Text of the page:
Who doesn’t like dolphins? The aquatic mammals are arguably one of the most beautiful, compassionate and smartest beings in the ocean. In fact, there have been several instances when they have rescued humans, helped them fish and protected them from the harms of the sea.
You have most likely seen pictures of dolphins diving out of the water, their beautiful grey coats glistening in the perfect light. These marine mammals are the perfect sight to behold on a cruise or a boat ride and are usually thought of as ocean creatures. But did you know that some dolphin species also live in Indian rivers?
Freshwater species like the Ganges river dolphin and Indus dolphins reside in India in the Ganga and Beas rivers, respectively, and the Indus river dolphin (Platanista gangetica minor) is a rare aquatic mammal found only in India and Pakistan!
This sub-species of the South Asian river dolphin is a pretty unique and interesting mammal.
Indus river dolphins sleep in intervals of 4-60 seconds at a time to avoid bumping into things in the murky water. pic.twitter.com/m15hEWFR8d
— Weird Science (@weird_sci) May 20, 2017
It was the first discovered side-swimming cetacean and is functionally blind, which is why it is also known as the Indus blind dolphin. It navigates and hunts its prey using a biological sonar for echolocation.
In India, this dolphin used to be found in the major tributaries of the Indus river but is now found only found in the Beas river in Punjab. Recently, Punjab’s wildlife wing, in association with the World Wildlife Fund (WWF), India conducted their first ever Indus Dolphin census and the numbers are reassuring.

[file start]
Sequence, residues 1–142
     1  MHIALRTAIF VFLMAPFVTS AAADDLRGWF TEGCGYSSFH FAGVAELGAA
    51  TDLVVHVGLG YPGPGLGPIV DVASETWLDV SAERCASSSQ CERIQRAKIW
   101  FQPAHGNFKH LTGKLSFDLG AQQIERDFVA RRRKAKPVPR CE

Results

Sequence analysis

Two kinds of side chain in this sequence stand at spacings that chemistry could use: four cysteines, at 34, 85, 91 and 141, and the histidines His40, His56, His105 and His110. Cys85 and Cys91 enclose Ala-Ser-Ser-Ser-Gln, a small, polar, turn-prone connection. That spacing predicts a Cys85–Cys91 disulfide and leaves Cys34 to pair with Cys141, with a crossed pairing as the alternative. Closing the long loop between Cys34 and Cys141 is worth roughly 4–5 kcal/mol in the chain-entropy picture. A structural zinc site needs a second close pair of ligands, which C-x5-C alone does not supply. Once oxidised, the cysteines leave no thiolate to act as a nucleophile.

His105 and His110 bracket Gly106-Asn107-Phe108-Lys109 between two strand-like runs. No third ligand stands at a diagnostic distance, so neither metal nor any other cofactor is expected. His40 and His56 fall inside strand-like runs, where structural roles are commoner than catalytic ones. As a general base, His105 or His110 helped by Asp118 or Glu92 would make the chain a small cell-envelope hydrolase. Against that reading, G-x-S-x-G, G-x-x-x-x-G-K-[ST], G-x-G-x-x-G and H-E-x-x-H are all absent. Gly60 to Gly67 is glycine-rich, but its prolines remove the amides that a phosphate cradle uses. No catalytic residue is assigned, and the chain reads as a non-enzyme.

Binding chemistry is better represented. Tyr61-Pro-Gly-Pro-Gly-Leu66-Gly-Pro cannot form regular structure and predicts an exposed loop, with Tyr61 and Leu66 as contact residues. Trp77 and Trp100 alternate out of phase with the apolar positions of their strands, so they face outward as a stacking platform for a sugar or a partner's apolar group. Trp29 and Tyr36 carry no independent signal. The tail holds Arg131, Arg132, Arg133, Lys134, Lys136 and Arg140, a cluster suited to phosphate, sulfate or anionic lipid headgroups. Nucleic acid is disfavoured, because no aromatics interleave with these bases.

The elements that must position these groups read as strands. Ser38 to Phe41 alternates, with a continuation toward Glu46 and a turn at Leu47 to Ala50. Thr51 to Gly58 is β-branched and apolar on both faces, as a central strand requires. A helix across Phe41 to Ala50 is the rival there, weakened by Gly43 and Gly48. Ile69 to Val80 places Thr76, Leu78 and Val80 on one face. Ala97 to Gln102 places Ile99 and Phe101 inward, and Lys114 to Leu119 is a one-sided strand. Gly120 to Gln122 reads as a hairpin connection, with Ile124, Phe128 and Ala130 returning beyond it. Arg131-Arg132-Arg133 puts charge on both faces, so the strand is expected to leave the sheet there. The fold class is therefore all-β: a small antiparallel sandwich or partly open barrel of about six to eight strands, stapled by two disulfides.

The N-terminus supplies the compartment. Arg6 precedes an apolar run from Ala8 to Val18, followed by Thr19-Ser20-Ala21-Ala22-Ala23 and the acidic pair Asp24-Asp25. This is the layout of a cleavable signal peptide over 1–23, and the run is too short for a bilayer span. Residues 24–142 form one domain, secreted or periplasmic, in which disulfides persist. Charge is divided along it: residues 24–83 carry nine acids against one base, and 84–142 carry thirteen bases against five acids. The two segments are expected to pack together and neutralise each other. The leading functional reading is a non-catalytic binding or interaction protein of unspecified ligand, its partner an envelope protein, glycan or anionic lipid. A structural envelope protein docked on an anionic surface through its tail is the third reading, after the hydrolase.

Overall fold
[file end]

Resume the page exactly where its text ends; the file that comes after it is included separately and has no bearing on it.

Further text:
“Based on the direct counts, after correcting for dolphins that were missed by the survey, the final estimate of the population of Indus river dolphins in the Beas River stands at 5-11,” says a report by the WWF India.
The number seems too less to be happy about. However, WWF clears this misunderstanding, saying “Although the population of the species is small, its presence in the Beas river above the Harike barrage (situated at the confluence of Beas and Sutlej) for 70 years, indicates no decline in the population of the species.”
In fact, an adult female, a week-old calf, and a sub-adult were among the first few dolphins sighted. Just 8 kilometres downstream from this first sighting was another female with a sub-adult and a week-old calf. This shows that Beas river has been a healthy breeding ground for the Indus dolphins.
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The survey by Punjab government and WWF India was conducted across a 185km stretch of the Beas. It started at 52 Headworks, Talwara on May 3, was in progress for three days and concluded on May 6 at Harike Nooze.
The Punjab government also has plans to put a conservation plan in order. Suresh Babu, Director River Basins & Water Policy, WWF-India, told the Economic Times, “The department of forests and wildlife preservation, Punjab and the WWF India is now preparing an Indus river dolphin strategy with an implementation roadmap to secure the habitats and conserve the endangered species.”
(Edited by Gayatri Mishra)